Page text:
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Legislative Assembly for the ACT: 1999 Week 11 Hansard (20 October) . . Page.. 3341 ..

MR HUMPHRIES (continuing):

Under this legislation, breastfeeding becomes a specific ground of discrimination, and thus the whole provisions of the Act apply to protect a breastfeeding mother from discrimination. She cannot, for example, be refused services in a restaurant. She cannot be discriminated against for breastfeeding in the workplace. She can breastfeed anywhere and any time her baby demands, so long as it is not unreasonable to do so. We are not saying that there are absolutely no other problems associated with breastfeeding.

There are other issues, such as the way in which it occurs, but the Act provides that the exercising of those rights, if they are done reasonably, is a matter for which people ought to be afforded protection. For example, under this legislation, a woman who wished to breastfeed in the workplace would not be prevented from doing so. A woman who needed to have her child with her in the workplace to do so may be in a different position, however, from that of another employee who did not require child care to be able to attend to their duties as an employee.

I am not sure whether one would construe the passage of this amendment as a decision that required an employer, for example, to ensure that a woman who was still nursing small children would have to be provided with employment. That may be going too far. That is not a matter on which this legislation needs to touch at this stage. I simply flag that as an issue which will need to be examined in due course. However, as long as it is reasonable to do so, it seems to me quite appropriate that a woman should be able to breastfeed her children in the workplace or in some other appropriate setting.

The Discrimination Act allows a person to impose a condition or requirement that is reasonable in the circumstances. As I said, that would be a relevant factor to be considered in determining whether an employer discriminated against a woman who sought time off, for example, to breastfeed her baby. I note that other jurisdictions, particularly, the Northern Territory and Tasmania, have legislated to this effect. In Queensland, discrimination against breastfeeding is unlawful only in the provision of goods and services but perhaps not in other circumstances.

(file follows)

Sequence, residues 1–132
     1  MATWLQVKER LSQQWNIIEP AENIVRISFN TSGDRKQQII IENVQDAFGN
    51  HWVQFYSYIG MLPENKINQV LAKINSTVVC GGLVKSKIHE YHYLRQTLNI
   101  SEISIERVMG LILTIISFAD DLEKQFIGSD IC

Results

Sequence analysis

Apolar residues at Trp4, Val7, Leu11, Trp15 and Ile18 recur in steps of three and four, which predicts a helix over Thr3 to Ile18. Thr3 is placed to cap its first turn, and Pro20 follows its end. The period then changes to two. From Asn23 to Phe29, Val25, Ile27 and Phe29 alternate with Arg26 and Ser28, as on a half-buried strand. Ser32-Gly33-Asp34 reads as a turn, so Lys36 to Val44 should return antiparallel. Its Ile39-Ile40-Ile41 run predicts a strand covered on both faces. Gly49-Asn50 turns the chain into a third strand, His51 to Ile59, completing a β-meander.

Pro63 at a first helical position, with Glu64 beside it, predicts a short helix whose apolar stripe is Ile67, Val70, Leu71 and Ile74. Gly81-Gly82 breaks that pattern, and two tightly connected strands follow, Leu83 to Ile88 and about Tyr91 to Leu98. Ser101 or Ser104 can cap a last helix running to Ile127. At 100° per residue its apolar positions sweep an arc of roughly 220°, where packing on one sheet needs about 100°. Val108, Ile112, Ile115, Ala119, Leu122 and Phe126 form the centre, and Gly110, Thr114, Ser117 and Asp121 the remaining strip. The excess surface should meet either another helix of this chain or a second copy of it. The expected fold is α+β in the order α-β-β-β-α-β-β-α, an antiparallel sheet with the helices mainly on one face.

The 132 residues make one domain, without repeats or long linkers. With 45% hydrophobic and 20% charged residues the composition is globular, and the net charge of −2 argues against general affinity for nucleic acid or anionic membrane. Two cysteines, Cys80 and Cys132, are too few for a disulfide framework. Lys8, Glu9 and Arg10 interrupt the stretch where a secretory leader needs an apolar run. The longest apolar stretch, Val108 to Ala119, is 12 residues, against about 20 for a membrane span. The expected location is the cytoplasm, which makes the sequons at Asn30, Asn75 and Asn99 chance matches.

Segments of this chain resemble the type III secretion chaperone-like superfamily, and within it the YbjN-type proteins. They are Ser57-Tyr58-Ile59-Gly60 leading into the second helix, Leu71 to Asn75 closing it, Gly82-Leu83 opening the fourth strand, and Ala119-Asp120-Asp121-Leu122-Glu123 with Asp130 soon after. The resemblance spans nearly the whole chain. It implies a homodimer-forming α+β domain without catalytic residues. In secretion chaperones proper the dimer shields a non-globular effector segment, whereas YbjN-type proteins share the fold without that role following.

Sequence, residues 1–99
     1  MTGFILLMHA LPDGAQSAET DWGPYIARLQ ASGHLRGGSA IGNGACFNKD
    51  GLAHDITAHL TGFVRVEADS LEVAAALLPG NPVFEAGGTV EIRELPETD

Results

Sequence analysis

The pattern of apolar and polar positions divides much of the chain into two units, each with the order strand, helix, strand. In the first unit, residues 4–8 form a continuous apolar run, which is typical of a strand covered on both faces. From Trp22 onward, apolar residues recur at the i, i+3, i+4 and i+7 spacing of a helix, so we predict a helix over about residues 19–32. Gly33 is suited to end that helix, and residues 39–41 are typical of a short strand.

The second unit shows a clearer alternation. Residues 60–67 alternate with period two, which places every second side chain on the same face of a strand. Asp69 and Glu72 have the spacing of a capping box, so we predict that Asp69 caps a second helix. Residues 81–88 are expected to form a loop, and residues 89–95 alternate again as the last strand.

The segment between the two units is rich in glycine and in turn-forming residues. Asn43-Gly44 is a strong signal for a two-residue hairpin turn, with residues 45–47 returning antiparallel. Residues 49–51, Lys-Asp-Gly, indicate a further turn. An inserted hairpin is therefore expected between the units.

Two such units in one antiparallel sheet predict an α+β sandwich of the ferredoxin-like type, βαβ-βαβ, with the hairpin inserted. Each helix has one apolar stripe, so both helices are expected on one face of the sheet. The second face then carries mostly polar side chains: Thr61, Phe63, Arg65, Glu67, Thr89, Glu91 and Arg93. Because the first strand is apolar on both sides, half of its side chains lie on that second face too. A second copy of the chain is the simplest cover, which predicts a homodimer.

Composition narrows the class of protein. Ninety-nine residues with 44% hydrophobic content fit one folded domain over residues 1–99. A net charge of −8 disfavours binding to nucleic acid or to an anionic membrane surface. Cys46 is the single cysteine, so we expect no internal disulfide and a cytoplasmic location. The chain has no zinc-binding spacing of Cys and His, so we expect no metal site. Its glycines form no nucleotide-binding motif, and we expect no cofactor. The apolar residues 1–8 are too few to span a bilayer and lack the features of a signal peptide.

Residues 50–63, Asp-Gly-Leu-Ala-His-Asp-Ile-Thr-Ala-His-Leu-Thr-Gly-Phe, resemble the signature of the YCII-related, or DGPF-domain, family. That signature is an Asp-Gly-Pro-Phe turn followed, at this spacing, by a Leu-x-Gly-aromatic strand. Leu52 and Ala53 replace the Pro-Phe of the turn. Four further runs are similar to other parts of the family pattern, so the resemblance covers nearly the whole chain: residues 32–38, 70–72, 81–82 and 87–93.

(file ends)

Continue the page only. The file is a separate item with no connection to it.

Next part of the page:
Consequential amendments are necessary for completeness and I think will enhance the effectiveness of the legislation. The amendment to section 37 will mean that, if an employer allows a woman to take some time off work to breastfeed a baby or express milk for storage, a man who of course does not have the same privilege has no cause for complaint. The amendment to section 39 will allow an employer to provide private living accommodation instead of shared accommodation to a breastfeeding mother to afford her greater privacy without this action amounting to discrimination against other workers who do not have non-shared accommodation.

I have to admit that there is some doubt about whether this legislation is strictly necessary. There is an argument which has been put to me that the provisions of the Act regarding the outlawing of discrimination on the basis of status as a parent would, in itself, carry the connotation that discrimination on the basis of breastfeeding was also illegal. However, I think it is important to put that matter beyond doubt. Apart from anything else, these amendments amount to an important step in raising public awareness about the benefits of breastfeeding, about increasing its acceptability and about encouraging women to not alter their lifestyle or have to end early the

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